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President Donald Trump signed an executive order Wednesday aimed at increasing the availability of kidney transplants and reducing the cost of kidney treatment, in an effort to improve care for hundreds of thousands of Americans who have been diagnosed with kidney disease.
Approximately 468,000 Americans are on dialysis, according to the National Institutes of Health, and Medicare spending on dialysis accounts for nearly 1 percent of the federal government’s annual budget.
An estimated 100,000 Americans are currently on the waiting list for a kidney transplant.
“For these patients, their loved ones and all of those impacted by kidney disease, I am here to say we are fighting by your side, and we are determined to get you the best treatment anywhere in the world,” Trump said before signing the executive order.
The president said the order is part of his administration’s broader health care policies, including efforts to reduce prescription drug prices. Some of those efforts, such as requiring drug companies to list prices in TV ads, have been criticized for trying to solve complex problems with oversimplified solutions.
The executive order on kidney disease is being implemented through the Center for Medicare and Medicaid Innovation, which was created through the Affordable Care Act. The Trump administration has taken steps to weaken the Affordable Care Act and has refused to defend the law in court.
Still, Initial reactions to the executive order were largely positive, although some observers cautioned that meaningful change will still take years. Here are some of the steps the order takes:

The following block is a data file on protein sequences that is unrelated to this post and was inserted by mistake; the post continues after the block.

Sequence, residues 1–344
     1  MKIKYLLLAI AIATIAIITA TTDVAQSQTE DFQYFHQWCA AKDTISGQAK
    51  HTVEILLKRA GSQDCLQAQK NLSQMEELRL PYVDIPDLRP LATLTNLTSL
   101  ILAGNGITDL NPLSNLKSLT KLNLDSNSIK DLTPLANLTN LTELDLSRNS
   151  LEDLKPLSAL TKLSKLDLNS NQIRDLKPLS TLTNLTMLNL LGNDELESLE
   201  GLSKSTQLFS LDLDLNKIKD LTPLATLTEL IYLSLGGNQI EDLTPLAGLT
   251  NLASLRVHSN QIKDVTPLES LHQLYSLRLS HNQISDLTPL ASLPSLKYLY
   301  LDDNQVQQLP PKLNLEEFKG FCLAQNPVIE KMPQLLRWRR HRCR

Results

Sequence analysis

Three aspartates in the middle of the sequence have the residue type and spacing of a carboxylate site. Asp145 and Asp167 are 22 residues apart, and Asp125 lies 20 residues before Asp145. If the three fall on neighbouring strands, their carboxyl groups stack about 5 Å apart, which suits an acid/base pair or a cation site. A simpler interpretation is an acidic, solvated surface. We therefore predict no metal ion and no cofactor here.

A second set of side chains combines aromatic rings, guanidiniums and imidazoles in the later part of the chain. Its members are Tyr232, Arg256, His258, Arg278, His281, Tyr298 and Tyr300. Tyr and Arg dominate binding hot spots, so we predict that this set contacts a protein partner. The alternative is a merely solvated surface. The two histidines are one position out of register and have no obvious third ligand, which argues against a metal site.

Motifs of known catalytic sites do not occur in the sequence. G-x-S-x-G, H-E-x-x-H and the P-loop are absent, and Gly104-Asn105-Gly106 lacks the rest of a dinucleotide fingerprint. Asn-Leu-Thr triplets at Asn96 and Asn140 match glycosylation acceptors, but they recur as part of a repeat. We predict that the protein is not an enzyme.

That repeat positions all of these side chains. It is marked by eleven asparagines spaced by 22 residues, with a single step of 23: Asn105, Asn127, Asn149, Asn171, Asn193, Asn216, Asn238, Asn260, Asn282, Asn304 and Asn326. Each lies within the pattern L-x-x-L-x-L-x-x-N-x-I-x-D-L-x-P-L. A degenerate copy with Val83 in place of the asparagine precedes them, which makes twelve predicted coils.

A law Congress passed in 1984 made it illegal to pay kidney donors. Lawmakers believed a market for organ donations could lead to people selling their kidneys solely for financial gain, causing lower-income Americans to be exploited.
But donating a kidney can be costly. People often have to travel to a distant hospital that can perform kidney transplants, then miss work while they are recovering from the surgery.
WATCH: Iran pays kidney donors. Should the U.S. follow?
Right now, insurance covers some of those costs, and low-income people can be reimbursed for travel, but higher-income individuals are not.
Trump’s executive order expands who is eligible for reimbursement and allows reimbursements for more costs such as lost wages and childcare.
“We haven’t treated donors very well,” said Alvin Roth, a Nobel Prize-winning economist who developed a system to increase kidney donations. “They do this very generous thing but they have out of pocket expenses they have to pay, which is ungenerous because they save the American medical system so much money.”
Transplants can cost more up front than dialysis — which cost between $50,000 and $90,000 per year– but most patients who receive a transplant must then only pay for anti-suppressant drugs, which cost several thousand dollars a year. Medicare covers the cost of those drugs for up to 36 months after the surgery.
WATCH: How an economist’s idea to create kidney transplant chains has saved lives
There are also indirect economic benefits of transplants over dialysis. Patients who receive transplants are more likely to have a higher quality of life than people on dialysis. Many can be more productive at work, which means they not only save money but pay more in taxes, Roth said.